Have you ever wished you could gather all of your customers or clients into one room, and speak with them about all of the incredible information your company has to offer? Or, in line with another approach, would you round up your customers in one place if you could, with a goal of relaxed conversation about their needs and exactly how you can provide solutions for them? While speaking to a group of industry professionals made up of manufacturers, designers and retailers not too long ago, one of the audience members expressed these quintessential ambitions.
The topic of the session was two-way communication with customers, clients and constituency groups, and she said, “My marketing and sales teams believe we have a ton of valuable information to tell our customers – not just about our new product introductions and promotions, but also solid insights we know could provide benefit.” When I asked her how she was communicating with her customers other than the expected advertising and press campaigns, it was revealed her company hosts or sponsors trade events when budgets permit. In exchange, she explained, they hope for a few minutes of “speaking” time at the onset of the events. The problem therein; her company has many brands, varied product lines, and regional-based customer diversity. And, a few minutes of speaking “to” a group of customers with a price tag of $20,000 is just that, a few minutes of one-way talking for a lot of money.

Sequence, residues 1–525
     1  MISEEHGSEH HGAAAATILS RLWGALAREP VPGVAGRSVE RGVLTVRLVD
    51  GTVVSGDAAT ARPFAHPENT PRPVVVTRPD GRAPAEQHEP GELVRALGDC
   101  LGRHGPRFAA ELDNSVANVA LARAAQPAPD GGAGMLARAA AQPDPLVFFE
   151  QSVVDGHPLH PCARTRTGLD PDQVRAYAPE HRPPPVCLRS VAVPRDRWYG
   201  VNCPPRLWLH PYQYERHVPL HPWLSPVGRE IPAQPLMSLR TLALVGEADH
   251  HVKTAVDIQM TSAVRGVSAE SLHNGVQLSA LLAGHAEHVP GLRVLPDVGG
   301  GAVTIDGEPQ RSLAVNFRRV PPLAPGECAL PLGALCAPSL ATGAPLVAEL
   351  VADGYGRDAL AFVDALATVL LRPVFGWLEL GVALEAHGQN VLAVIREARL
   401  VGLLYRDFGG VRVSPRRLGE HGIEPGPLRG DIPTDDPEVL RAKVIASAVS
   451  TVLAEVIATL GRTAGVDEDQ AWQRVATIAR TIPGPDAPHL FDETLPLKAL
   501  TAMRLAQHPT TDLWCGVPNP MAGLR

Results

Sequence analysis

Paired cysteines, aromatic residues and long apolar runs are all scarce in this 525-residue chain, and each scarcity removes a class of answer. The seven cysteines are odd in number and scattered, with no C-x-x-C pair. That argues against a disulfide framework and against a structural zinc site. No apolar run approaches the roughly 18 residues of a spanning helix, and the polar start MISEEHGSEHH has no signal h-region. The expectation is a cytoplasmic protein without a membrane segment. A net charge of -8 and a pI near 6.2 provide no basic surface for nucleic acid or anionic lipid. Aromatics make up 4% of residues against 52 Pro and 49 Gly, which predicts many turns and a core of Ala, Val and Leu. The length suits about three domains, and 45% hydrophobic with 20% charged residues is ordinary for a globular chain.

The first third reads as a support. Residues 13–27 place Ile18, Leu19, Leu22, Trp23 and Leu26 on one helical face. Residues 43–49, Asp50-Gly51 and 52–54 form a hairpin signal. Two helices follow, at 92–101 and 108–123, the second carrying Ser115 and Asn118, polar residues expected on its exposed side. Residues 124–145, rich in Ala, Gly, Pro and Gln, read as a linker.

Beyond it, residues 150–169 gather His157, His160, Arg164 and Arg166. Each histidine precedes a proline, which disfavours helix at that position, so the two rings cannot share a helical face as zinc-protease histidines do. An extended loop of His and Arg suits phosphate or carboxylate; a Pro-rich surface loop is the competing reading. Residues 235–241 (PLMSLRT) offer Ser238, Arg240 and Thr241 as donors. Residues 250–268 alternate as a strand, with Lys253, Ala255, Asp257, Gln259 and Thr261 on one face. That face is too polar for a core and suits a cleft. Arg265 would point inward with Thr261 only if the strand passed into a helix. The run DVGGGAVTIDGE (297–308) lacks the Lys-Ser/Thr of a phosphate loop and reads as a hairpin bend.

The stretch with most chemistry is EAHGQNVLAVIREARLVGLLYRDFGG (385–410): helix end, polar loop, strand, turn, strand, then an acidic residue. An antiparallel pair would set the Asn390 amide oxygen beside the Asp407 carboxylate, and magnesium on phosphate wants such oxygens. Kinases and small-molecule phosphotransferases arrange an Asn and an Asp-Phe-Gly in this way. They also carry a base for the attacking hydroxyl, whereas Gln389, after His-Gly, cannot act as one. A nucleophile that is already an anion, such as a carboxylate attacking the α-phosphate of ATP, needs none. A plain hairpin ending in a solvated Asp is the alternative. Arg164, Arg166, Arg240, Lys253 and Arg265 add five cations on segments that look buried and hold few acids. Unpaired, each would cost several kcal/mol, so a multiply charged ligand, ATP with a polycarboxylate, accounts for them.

Okay, I am not saying that event sponsorship is inapplicable, far from it in fact. Our own ECPR has sponsored many industry events and believes in the practice wholeheartedly. However, there are other supplements to traditional advertising, marketing and sponsorship that strategically evoke connections with customers in large numbers. Take blogging for instance. While possibly one of the earliest forms of social media, blogging is likely the most misunderstood by businesses. Even with over 110 million active blogs to date, many business leaders still view corporate blogs as toys rather than the valuable business tools they can be to interface with customers. If it is true that our customers can benefit from what I call the three “i’s”: our insights, input, and involvement, then, why shouldn’t we consider the value of blogs? When done correctly, corporate blogs can provide cost-effective, ongoing and solution-oriented content that supplies our customers with advantageous valuation, not to mention calls for action every time we add new posts. Still, blogs should not be for the purpose of selling. Better yet, they have the true ability to yield meaningful dialogue that induces relationships with customers and potential customers.
Ok, we’re just getting started here…Check back the week of Nov. 15 for the second part of this post, where we’ll offer some tips and ideas our team has learned about leveraging B2B and B2C communications through blogging.